Writer: Daniel Gorman
The problem with so many teen movies is that they shape themselves according to shallow extremes of adolescent feeling, and specifically of young romance. There’s perhaps no greater period of emotional potency than adolescence, a time of life typically ill-understood by those living it, and one which frequently filters experiences through the melodramatic poles of misery and ecstasy. In translating this tricky phase of life to film, however, this vast spectrum of feelings often seems flattened on screen, few shades of grey presented in angsty stories of love, loss, and betrayal. The best films of the (rom-)com coming-of-age sub-genre seek to add dimension to this histrionic transitional time, building gradients of nuance into a period of life commonly experienced as an apocalypse of emotional stimuli. There are, of course, ways to overcome a lack of meaningful character-building in such films — through aesthetic or structural inventiveness, comedic bona fides, etc. — but few work so well.
Mei Makino’s Inbetween Girl splits the difference. The film breaks from studio properties in its sheen-free delivery: there’s no pat romantic resolution, no duckling-to-swan transformation for the sort-of tomboy lead (at least not in a makeup-makeover sense), but there is a fairly clear-eyed approach to creating characters that don’t entirely conform to “types,” and blunt confrontation of culturally-bred forms of young male manipulation. This all lends an unpolished, non-Hollywood vibe to the work, even sidestepping the indie dramedy shimmer common to festival films. It also features some legitimately great edits, an unsexy bit of technical craft far too rare in this kind of typically paint-by-numbers filmmaking. There’s an authenticity to the work, a distinct, throwback personality — to the point of seemingly even trying to reassert the word “bang” as sex verb of choice — and it’s all anchored by a remarkably assured and charismatic debut from Emma Galbraith as Angie, a sort-of wallflower who both imparts and sustains pain from her high school peers.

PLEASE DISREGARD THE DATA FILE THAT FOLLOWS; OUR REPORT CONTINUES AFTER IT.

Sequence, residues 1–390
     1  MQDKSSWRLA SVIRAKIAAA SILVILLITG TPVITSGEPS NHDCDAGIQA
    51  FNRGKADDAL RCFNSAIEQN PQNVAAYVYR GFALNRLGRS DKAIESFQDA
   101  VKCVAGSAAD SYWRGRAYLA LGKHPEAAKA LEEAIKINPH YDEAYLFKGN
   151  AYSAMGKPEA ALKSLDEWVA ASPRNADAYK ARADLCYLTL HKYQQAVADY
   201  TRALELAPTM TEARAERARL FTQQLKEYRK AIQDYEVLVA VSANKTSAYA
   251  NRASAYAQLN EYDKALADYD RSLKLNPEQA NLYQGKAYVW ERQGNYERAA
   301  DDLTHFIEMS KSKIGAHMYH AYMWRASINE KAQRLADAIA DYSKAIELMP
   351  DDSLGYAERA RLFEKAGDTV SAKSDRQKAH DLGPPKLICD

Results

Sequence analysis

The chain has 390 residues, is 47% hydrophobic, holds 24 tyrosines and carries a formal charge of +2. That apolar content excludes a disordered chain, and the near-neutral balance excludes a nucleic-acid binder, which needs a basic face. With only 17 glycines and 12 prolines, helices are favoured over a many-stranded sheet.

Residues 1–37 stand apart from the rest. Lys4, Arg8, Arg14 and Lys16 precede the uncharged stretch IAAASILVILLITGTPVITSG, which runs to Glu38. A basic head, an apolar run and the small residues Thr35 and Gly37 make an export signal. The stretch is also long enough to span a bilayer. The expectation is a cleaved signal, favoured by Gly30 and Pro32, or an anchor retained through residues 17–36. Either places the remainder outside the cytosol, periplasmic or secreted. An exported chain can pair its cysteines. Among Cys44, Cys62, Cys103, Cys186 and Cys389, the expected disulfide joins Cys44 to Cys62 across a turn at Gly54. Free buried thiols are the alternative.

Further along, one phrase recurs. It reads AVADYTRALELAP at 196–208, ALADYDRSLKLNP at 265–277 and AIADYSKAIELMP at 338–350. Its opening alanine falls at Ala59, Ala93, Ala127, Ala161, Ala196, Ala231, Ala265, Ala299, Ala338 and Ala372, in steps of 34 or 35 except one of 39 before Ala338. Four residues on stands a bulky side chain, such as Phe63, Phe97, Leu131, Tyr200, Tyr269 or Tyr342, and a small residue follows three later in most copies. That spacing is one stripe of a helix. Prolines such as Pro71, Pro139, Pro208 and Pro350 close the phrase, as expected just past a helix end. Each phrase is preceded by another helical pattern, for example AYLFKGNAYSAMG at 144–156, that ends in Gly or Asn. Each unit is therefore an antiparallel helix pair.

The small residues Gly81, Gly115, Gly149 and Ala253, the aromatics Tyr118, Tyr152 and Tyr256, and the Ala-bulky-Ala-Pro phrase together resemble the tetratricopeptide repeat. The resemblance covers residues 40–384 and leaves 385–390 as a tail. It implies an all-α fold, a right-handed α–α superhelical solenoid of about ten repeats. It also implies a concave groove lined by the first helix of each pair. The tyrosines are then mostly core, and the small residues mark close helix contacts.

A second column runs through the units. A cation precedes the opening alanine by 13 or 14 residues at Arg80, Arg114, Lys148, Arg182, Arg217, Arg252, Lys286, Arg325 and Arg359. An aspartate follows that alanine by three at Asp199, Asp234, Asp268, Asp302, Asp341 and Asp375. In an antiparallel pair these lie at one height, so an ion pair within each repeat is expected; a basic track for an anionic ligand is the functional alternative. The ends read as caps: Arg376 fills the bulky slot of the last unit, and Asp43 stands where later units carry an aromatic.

But while Inbetween Girl welcomingly centers on a no-bullshit, willfully confrontational young woman, its peripheral character affectations accumulate to its detriment. These are teens that listen to old-timey jazz records, Gen-Zers who record diaristic entries on what appear to be VHS tapes (based on the quality anyway), and who fire off such jargony quips as, “Must you always shove your dick in an orifice?” It’s one thing to avoid the tepid dramatics of any number of new teen flicks available on any number of streaming platforms each week, but it’s another to still succumb to bouts of preciousness and such bland laments as the “nobody wants to know the real me” nature of social media. Plenty is implied in the film’s title — Angie is in between parents who just separated, in between a couple who is dating, in between childhood and adulthood. Unfortunately, the modifier readily applies to the film’s quality as well, and despite some welcome deviations from the teen sheen formula, the film lands somewhere in between commendable and disappointing.
Writer: Luke Gorham
United States vs. Reality Winner